Does Platinum Equity ring a bell? It should. It’s the private equity firm of none other than Tom Gores, brother of Alec Gores. Verra Mobility (VRRM), the acquisition of Gores II, was a Platinum Equity company, as is PAE, the intended acquisition of Gores III. Platinum Equity is clearly familiar with SPAC transactions and the SPAC process, so if the rumors of a Vertiv/GSAH combination are true, that’s especially good news, i.e., both sides of the table will be negotiating with a significant amount of (good) SPAC deal experience.
However, Vertiv is a provider of backup power and fail-safe systems for data centers, which is very different than the industrial sector that GSAH originally intended to look for companies. Nonetheless, a good deal is a good deal, and if this one makes sense, no one will be complaining.
As for the particulars of Vertiv, it is the former network power business of Emerson Electric (EMR.N), which Platinum Equity acquired three years ago for roughly $4 billion. However, in 2017, Platinum agreed to sell Vertiv’s automatic transfer switch business to Schneider Electric for $1.25 billion. Today, however, various news sources are citing a potential valuation for a GSAH/Vertiv deal somewhere between $5 and $6 billion, which would be a significant increase from the $4 billion valuation from just four years ago. However, keep in mind that the technology Vertiv provides supports cloud computing, which is extremely hot, so $5-$6 billion could be a realistic number. We just don’t know yet.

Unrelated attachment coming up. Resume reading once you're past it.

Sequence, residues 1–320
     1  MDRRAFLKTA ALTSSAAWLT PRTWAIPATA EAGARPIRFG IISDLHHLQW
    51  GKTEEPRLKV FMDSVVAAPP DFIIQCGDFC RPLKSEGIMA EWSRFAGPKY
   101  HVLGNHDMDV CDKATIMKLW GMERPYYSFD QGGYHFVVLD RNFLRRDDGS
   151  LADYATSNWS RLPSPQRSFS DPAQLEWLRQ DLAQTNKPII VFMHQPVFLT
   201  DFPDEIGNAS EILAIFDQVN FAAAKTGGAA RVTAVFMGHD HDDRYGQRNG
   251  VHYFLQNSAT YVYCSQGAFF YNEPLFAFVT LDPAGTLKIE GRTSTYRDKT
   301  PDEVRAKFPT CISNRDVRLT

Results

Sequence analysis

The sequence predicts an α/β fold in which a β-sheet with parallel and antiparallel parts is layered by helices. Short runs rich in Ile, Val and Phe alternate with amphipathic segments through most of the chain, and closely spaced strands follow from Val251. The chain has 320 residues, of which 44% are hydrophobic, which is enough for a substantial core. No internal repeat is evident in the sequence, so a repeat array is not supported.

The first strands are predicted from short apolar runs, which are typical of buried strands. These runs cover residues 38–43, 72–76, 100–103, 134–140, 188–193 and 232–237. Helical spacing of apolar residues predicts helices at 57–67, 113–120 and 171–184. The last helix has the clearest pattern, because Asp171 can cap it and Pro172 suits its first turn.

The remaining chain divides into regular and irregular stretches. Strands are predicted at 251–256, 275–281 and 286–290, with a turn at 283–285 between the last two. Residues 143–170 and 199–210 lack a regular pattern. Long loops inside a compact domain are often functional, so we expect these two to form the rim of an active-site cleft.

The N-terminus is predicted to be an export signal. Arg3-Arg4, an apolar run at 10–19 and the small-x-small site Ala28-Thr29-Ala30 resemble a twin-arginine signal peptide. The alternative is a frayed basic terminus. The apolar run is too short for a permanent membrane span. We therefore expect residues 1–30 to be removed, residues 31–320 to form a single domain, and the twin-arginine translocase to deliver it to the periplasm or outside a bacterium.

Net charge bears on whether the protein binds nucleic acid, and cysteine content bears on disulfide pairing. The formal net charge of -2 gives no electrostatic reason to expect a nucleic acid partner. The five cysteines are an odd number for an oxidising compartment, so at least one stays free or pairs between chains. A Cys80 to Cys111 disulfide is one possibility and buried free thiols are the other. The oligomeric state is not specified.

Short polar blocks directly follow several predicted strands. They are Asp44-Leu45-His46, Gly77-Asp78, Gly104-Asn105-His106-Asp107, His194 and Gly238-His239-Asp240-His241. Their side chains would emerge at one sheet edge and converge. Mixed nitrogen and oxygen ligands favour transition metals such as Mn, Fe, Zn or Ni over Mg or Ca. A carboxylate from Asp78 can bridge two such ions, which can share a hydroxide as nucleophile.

All things considered, if the rumors are true, this could be another interesting SPAC deal to cap off the end the year. Obviously, more details are needed to evaluate any potential combination, but on the face of it, this one has all the right ingredients, so far.
Lastly, “So-Called” Watch strikes again. If you recall, I’ve mentioned before the tendency for financial journalists to reference SPACS as “a so-called blank check company”. and today’s coverage of the Vertiv leak did not disappoint. You can read these “so-called” articles, from today HERE and HERE. And if you really want to go down a rabbit hole of “so-called blank check company” references, you can go HERE for Virgin Galactic, and HERE, HERE, HERE and HERE for various other times the phrase was used.
Stay tuned for any further “leaks”.